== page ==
By Jim Hoagland (THE WASHINGTON POST, 29/04/07):
How does a macho conservative politician run against a Socialist feminist who has pegged much of her campaign to the gender issue? Very carefully if you are Nicolas Sarkozy and you are in the final week of a French presidential campaign that is yours to lose.
The tone of the campaign has sharpened and become more personal in the past two days. But even when he criticizes Ségolène Royal, Sarkozy is careful to express his "respect" for her "as a person and a leader." He predicts her programs will bankrupt France, but he explicitly rejects any intention to patronize her.
This gender correctness is not a matter of gallantry or politesse. It is smart campaign strategy. Royal won the Socialist Party nomination in large part because her male rivals mocked and underestimated her. They disliked her and, worse, doubted that a woman could beat any of them. Sarkozy is not repeating those mistakes.
As gender barriers in politics shrink and more women in more places become candidates for national leadership, male politicians everywhere will be facing similar challenges to go on the offense without appearing to be sexist. There is in this election a sense of change that does not apply to France alone.
Women who climb to the top have often played politics as a man's game, only more so. Golda Meir, Margaret Thatcher and Indira Gandhi were at least as tough and determined as their male rivals, and they made sure those qualities showed. The high level of mental combat and abrasiveness I encountered in interviews with each of them was exhausting.
Female leaders are freer to be themselves in politics now. For Hillary Clinton and Germany's Angela Merkel, this means acting as if their femininity is irrelevant to the policies they champion and the positions they seek. They are not widely identified as overcompensating with manly language or mannerisms. Nancy Pelosi goes further: She unblushingly emphasizes the maternal qualities of her leadership as speaker of the House.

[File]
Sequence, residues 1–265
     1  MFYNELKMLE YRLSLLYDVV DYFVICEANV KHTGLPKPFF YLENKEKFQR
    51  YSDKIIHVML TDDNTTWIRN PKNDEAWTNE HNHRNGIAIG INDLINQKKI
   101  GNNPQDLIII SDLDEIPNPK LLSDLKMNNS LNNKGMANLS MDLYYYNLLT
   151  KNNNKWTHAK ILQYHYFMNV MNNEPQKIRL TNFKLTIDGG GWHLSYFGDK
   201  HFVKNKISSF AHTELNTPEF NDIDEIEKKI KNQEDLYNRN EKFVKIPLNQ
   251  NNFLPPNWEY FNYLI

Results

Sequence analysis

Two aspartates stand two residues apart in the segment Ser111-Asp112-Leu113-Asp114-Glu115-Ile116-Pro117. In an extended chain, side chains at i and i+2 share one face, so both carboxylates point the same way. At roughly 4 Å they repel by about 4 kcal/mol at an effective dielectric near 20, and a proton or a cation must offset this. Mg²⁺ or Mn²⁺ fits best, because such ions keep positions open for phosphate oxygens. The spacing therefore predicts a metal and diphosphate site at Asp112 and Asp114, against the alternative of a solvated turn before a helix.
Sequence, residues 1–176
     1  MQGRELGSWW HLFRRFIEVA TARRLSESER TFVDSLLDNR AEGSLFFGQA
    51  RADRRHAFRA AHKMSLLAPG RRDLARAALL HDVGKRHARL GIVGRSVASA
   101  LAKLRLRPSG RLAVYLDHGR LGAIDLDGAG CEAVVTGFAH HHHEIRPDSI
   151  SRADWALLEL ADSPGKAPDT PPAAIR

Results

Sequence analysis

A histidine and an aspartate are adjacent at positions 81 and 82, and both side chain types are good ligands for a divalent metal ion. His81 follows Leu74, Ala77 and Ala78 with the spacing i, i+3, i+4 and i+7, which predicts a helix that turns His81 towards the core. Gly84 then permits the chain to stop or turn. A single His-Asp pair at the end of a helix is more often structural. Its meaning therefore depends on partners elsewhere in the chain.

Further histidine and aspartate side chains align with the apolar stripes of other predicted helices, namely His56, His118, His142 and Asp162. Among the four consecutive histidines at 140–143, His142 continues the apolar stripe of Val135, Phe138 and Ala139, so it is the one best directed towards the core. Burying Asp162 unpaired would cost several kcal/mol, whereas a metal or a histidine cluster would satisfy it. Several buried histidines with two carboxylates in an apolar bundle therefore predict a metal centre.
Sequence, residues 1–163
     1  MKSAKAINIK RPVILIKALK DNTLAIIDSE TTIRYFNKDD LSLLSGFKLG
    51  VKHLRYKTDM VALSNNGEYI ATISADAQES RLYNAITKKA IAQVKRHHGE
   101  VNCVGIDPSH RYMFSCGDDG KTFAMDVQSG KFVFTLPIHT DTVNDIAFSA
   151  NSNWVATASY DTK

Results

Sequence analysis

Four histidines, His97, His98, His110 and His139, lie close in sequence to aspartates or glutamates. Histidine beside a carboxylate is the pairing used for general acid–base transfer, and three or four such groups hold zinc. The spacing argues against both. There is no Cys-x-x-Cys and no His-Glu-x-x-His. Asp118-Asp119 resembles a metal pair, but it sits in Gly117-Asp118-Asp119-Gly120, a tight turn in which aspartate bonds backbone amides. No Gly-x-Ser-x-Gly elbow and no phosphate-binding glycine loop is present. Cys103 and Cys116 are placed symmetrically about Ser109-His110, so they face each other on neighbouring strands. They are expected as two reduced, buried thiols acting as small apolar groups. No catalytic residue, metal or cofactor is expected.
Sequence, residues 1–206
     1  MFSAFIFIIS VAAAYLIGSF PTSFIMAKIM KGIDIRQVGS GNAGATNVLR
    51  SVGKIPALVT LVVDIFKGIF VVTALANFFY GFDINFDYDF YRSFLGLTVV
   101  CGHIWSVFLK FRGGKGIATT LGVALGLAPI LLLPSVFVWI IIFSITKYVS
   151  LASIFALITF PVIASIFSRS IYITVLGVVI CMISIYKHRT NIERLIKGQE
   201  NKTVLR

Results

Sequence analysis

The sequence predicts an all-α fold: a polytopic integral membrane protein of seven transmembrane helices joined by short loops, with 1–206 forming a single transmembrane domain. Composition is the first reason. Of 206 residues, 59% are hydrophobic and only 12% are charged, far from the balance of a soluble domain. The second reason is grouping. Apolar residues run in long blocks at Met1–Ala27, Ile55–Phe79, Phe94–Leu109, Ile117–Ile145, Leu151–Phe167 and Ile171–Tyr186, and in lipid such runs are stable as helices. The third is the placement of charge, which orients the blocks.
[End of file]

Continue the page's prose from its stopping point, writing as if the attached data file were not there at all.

Royal tests new limits of the politics of gender. Her campaign images and slogans have been chosen to emphasize that she is a she and would be the first French female president. Subliminal messages in campaign posters and tracts are far more important in France, where candidates have much less access to television time than do politicians elsewhere.
In those posters, Royal is made to resemble -- at least in the eyes of voters I unscientifically polled -- Joan of Arc, Mona Lisa, the Virgin Mary and/or Marianne, the symbolic revolutionary maiden who incarnates French nationalism much as a top-hatted, bearded Uncle Sam does for Americans.
The softening of Royal in the electorate's mind has been as deliberate and as necessary as the recasting of the tough-talking Sarkozy in the home stretch. She is schoolmarmish on the campaign stump and in person, fiercely demanding of her battered staff, and as coldly dismissive of her ex-rivals within the party as they once were of her. The daughter of a career military officer, Royal seems even to friends to be rigid and something of a martinet -- traits often attributed to Sarkozy as well.
At 53, Royal is the mother of four and the common-law partner of another leading Socialist politician. The state of the marriages and family life of both Royal and Sarkozy, 52, draw extraordinary amounts of speculation and gossip as voters prepare for next Sunday's ballot, though relatively little direct exposure in the media.
This diminishing but lingering caution about the private lives of public figures in France also shapes Sarkozy's restraint in attacking Royal's character. His ultimate test comes on Wednesday in a two-hour televised debate against Royal, who successfully made Sarkozy appear to be browbeating her in past televised encounters. Sarkozy preemptively is claiming that it is Royal who is using "brutal" campaign tactics against him this year.
So far voters are not dividing along Daddy Sarko and Mommy Sego lines in the booth. Exit polls suggest that Sarkozy won 33 percent of the votes cast by women for 12 candidates in the preliminary round a week ago, while Royal drew 27 percent.
Nor is Royal getting momentum from an effort to suggest that the world would be a much better place under a sisterhood-in-power of Merkel, Clinton and herself.
Merkel, the Christian Democrat chancellor, prefers Sarkozy's policies on overhauling the European Union's institutions. And when Royal's camp put out feelers to Clinton's staff last year about a high-profile meeting of the two in New York, a deafening silence persuaded Royal's aides to cancel her trip to the United States.
It used to be said that for Americans, foreign policy debates stop at the water's edge. Today, so does political sisterhood.